We included data from 3,533 patients in this study. The main characteristics of the 16 studies are summed up in Table 1. One study was published in 2009, and the others were published between 2014 and 2017. Four studies were prospective cohort trials, and 12 were retrospective cohort trials. Patients in all studies were reported to receive resections. These studies were conducted in six countries. With regard to cancer type, studies investigating renal cell carcinoma (RCC; n = 3) and gastric cancer (n = 3) composed the two largest proportion among all included investigations, followed by hepatocellular carcinoma (HCC; n = 2), non-small cell lung cancer (NSCLC; n = 2), esophageal cancer (n = 2), breast cancer (n = 1), oral squamous cell cancer (OSCC; n = 1), neurological cancer (n = 1), and colorectal cancer (CRC; n = 1). More specifically, Two of RCCs were clear cell RCC (ccRCC) and one of RCCs was chromophobe RCC (chRCC); two of gastric cancers were gastric adenocarcinoma (GA) and one of gastric cancers was mixed with tubular adenocarcinoma (TA) and signet ring cell (SRC); one of NSCLCs was squamous cell carcinoma (SqCC) and another one was adenocarcinoma; one of esophageal cancers was SqCC and another was adenocarcinoma. Retrospective trials were designed in 12 studies, and prospective trials were designed in four studies. The cutoff values of high PD-L2 were discordant, while the most common criterion was the median score. With respect to spatial location, all the included studies focus PD-L2 expression on tumor cell. The median follow-up time ranged from 16 months to 7.18 years. The correlation between OS and PD-L2 expression was reported in 13 of the studies. The prognostic value of PD-L2 expression for DFS/PFS was reported in seven studies. In addition, the relationship between clinicopathological features and PD-L2 expression was presented in 13 studies. Seven studies calculated the HRs adjusted for PD-1 expression or PD-L1 expression, and nine studies didn't adjust for PD-1 expression or PD-L2 expression. All included studies used immunohistochemistry (IHC) to examine PD-L2 expression. The origins of PD-L2 antibodies utilized for IHC in the included studies varied, while 7 of the studies used the same antibody (clone 176611, R&D Systems). Nonetheless, only five studies have definitely checked the specificity of the PD-L2 antibody utilized for IHC on a positive control and none of the included studies has set negative control for PD-L2 antibody (Table S1). All included studies were allocated scores >5 on the Newcastle-Ottawa scale (NOS), suggesting that all possessed high methodological quality (Table 2).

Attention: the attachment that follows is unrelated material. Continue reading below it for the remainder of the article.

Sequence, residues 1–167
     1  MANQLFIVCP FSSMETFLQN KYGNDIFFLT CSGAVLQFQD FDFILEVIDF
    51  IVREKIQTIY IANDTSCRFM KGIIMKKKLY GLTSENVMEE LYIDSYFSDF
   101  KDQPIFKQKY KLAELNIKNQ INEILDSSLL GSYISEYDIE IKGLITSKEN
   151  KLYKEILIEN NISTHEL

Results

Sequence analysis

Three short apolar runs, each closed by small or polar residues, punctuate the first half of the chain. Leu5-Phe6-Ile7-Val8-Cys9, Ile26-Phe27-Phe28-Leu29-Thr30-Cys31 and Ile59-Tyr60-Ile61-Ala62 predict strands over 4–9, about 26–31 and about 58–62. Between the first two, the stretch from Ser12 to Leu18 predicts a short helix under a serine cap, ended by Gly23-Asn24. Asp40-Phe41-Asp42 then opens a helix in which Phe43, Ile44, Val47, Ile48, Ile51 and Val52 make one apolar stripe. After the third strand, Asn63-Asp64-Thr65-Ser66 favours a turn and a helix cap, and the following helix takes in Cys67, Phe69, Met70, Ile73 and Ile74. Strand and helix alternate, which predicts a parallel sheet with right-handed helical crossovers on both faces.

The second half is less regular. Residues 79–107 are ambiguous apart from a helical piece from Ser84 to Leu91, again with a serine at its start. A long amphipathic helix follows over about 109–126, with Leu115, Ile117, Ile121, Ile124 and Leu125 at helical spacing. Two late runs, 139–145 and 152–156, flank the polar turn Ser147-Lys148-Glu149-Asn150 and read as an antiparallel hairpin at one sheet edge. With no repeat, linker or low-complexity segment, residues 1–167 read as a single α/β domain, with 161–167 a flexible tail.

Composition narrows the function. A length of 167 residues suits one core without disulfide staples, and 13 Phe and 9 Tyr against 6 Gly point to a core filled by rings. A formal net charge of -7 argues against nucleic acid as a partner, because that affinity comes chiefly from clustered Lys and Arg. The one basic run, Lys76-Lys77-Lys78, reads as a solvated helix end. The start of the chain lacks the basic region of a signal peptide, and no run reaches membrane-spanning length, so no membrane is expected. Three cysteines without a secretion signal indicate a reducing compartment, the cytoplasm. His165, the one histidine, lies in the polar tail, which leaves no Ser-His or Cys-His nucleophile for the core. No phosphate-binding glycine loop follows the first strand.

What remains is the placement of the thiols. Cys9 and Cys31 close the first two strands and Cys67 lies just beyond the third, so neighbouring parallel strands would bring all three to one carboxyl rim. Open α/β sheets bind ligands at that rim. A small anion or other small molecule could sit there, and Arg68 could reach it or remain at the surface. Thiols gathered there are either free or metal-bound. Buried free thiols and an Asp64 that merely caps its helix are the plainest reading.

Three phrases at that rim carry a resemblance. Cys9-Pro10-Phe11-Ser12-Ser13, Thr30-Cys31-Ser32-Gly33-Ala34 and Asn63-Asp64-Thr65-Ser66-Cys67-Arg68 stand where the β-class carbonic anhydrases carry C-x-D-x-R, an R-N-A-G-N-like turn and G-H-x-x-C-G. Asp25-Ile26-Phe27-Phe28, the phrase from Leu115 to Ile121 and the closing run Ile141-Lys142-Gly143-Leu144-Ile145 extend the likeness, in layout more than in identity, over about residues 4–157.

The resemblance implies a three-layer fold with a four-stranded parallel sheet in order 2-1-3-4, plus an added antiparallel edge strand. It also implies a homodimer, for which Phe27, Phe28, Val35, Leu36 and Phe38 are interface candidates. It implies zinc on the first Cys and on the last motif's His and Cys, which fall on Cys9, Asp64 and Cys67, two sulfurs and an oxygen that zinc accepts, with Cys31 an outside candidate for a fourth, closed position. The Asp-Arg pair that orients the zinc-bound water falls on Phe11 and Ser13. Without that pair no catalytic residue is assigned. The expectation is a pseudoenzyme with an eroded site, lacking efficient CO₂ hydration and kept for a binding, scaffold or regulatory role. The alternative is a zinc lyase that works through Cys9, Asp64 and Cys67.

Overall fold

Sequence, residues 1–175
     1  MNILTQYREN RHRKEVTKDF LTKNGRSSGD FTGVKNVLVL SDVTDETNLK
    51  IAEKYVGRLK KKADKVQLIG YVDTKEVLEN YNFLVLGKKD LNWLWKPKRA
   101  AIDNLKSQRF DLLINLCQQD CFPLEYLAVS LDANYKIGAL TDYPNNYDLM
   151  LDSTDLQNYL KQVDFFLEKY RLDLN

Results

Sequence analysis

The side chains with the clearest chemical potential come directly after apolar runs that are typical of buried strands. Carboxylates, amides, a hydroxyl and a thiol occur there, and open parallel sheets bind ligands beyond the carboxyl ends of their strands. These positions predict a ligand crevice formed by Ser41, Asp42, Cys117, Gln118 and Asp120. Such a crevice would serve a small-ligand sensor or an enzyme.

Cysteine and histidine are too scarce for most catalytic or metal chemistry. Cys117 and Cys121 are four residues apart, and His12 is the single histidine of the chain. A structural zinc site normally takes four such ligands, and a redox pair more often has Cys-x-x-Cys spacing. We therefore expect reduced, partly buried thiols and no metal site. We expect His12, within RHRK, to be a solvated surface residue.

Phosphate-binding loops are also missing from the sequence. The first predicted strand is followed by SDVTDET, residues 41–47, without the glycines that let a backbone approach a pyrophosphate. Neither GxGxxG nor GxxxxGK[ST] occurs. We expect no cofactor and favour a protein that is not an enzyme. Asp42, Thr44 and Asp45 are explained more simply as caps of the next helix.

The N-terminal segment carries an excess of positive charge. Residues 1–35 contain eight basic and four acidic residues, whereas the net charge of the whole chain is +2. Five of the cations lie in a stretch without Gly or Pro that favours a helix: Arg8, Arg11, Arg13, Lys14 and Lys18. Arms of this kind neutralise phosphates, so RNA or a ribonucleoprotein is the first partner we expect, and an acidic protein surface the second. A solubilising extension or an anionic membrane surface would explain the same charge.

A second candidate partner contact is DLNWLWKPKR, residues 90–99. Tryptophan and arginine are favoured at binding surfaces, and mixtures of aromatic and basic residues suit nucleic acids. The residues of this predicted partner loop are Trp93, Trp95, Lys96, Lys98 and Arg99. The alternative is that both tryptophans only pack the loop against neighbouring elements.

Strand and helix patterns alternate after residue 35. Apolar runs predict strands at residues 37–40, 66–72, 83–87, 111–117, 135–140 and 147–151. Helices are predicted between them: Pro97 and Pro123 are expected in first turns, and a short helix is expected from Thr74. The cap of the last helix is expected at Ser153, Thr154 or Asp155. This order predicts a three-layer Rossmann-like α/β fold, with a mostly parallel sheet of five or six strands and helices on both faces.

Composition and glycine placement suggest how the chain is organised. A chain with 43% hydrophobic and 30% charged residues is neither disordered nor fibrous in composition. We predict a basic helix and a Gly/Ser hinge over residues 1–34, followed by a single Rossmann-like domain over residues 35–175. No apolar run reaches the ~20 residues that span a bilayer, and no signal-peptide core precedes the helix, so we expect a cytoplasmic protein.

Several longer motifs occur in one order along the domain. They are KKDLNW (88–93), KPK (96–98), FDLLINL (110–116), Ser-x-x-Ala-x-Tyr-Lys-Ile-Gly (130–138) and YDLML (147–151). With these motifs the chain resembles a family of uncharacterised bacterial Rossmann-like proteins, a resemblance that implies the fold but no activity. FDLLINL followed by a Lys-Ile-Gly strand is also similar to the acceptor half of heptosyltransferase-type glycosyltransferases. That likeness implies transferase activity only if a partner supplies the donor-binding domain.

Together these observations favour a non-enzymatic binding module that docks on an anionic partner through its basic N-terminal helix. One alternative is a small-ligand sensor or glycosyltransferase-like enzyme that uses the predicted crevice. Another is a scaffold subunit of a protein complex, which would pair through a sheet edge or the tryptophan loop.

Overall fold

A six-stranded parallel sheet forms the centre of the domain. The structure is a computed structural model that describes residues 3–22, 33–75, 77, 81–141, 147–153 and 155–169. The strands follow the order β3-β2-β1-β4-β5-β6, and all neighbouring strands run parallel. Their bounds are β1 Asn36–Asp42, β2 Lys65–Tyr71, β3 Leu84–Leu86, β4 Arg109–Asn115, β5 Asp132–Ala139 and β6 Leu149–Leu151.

Prognostic Value of PD-L2 Expression for OS